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john davies
notes from a small vicar
from a parish
in Liverpool, UK

    Saturday, August 17, 2002
     
    Two odd-God-bods

    He's a cheeky man, Martin Wroe. Today I relived the pleasure of his GB2000 conversation with Rowan Williams, the one in which Martin predicted that the next Archbishop of Canterbury would be a holy man, holy as indicated by the wearing of a large beard. Williams received this with generous good humour, as he did throughout an hour of quips from his irreverent interviewer.

    Listening to this on in-car cassette, there were tears of joy in my eyes, literally and dangerously, in contraflow on the M62 as I relived the moment when Rowan was asked to justify theologically his admiration for the Simpsons: "Probably the best answer to that is 'Doh!'." The joy increased as I heard him mock himself and his position with comments about the 'interestingly-named' 'Primates meeting' - "social grooming, a competition for the position of dominant male". And my heart warmed at his passion for the church taking a proper position on the arms trade - describing the time a bishop told him a discussion on the subject in the Lords had been 'a good debate' Williams' response was to say that 'a good debate' was just not good enough - he's looking for "public anger" on the issue.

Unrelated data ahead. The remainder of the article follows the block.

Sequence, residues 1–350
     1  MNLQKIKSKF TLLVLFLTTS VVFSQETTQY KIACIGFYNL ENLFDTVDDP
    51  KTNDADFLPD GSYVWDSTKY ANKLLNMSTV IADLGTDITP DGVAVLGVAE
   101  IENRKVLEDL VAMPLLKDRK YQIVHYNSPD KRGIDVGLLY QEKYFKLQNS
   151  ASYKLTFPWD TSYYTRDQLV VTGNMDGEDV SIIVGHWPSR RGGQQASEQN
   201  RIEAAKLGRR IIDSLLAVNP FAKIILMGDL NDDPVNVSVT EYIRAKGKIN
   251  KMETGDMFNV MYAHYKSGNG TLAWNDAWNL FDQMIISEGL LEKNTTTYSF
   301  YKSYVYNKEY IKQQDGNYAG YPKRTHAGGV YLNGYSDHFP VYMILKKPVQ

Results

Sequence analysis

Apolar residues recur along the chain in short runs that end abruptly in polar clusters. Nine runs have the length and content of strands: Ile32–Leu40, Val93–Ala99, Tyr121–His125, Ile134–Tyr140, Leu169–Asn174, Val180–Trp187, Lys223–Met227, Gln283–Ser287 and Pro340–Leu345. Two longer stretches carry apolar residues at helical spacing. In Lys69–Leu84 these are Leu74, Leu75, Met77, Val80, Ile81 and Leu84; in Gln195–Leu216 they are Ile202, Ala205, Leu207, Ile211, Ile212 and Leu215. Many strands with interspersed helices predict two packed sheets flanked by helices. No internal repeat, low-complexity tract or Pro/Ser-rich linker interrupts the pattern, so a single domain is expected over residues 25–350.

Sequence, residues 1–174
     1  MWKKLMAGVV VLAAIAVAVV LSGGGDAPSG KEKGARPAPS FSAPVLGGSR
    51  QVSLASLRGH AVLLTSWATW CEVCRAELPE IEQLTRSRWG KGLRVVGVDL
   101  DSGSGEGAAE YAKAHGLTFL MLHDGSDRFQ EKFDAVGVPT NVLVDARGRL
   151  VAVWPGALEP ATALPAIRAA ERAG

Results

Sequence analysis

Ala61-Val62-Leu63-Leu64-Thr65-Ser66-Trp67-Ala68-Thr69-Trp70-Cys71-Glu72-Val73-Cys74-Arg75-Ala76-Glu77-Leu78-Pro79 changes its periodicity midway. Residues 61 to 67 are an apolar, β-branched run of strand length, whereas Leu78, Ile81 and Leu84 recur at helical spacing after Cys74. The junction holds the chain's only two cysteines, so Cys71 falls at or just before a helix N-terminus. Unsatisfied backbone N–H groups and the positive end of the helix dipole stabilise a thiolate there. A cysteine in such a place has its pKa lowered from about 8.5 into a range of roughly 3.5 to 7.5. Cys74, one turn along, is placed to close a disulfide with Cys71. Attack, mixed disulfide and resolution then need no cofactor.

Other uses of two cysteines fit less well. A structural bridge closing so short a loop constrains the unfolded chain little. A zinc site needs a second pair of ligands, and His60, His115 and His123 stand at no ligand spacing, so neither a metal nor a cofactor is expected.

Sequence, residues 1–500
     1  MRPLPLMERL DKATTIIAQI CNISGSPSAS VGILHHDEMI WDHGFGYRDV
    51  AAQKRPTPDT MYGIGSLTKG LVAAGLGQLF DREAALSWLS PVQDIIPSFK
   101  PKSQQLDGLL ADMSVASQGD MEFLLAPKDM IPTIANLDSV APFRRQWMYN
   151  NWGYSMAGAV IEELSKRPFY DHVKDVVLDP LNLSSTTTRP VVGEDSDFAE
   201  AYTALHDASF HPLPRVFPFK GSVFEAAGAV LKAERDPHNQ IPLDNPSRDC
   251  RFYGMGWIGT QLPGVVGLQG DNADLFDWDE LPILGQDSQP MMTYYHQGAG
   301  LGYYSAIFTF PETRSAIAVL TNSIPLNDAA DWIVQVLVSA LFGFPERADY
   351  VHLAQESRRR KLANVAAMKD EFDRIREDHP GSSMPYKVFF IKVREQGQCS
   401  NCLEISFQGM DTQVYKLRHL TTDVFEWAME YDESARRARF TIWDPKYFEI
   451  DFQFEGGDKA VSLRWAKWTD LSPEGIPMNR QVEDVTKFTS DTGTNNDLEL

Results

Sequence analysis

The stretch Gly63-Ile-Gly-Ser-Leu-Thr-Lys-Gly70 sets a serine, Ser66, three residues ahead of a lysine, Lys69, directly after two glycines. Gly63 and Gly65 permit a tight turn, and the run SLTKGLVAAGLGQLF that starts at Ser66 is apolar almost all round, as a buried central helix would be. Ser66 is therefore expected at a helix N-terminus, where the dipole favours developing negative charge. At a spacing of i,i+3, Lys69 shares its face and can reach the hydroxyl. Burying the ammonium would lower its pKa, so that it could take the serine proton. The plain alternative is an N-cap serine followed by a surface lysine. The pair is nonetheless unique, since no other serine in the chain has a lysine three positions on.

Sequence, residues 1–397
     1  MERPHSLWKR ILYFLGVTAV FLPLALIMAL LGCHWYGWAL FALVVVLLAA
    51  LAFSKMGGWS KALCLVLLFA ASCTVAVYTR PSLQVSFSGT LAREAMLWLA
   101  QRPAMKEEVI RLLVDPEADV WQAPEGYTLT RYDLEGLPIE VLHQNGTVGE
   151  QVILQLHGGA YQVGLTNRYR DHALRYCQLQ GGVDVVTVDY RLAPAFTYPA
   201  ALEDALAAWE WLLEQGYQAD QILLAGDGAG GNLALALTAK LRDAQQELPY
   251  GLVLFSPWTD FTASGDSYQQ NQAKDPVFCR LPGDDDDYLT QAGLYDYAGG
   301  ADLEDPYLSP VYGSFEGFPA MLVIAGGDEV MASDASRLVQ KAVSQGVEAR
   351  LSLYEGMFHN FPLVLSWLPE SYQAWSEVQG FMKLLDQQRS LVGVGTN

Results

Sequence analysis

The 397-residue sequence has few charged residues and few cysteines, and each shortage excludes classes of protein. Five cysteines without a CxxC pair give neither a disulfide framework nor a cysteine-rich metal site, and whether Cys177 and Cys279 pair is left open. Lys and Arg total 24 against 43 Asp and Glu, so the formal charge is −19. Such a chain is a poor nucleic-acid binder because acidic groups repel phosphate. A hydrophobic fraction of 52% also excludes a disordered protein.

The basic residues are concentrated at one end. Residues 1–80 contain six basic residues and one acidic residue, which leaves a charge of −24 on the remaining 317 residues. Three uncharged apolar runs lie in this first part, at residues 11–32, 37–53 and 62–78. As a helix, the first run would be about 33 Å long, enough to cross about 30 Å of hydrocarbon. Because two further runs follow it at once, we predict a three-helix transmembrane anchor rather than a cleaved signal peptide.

Thank God for Williams and Wroe today. The Williams who encouraged his GB audience to keep trying new ways of being church because the church's so-called 'timeless traditions' mainly originated between the 1890s and the 1950s; the Wroe who immediately jumped in by asking, "Is Graham Kendrick that old?" Anticipate with glee the opportunity to hear these two odd-God-bods again next weekend, by which time they may have revised their under-ten-words description of Christianity, which they were working on in 2000: Williams: "God's love and recreating power in Jesus are never exhausted"; Wroe: "We're all bastards but God loves us anyway - that's only eight."

    I also cried with pride and joy when Everton came out today, for our one hundredth year in the top flight. That went deep; I think perhaps Williams and Wroe, though, go that little bit deeper.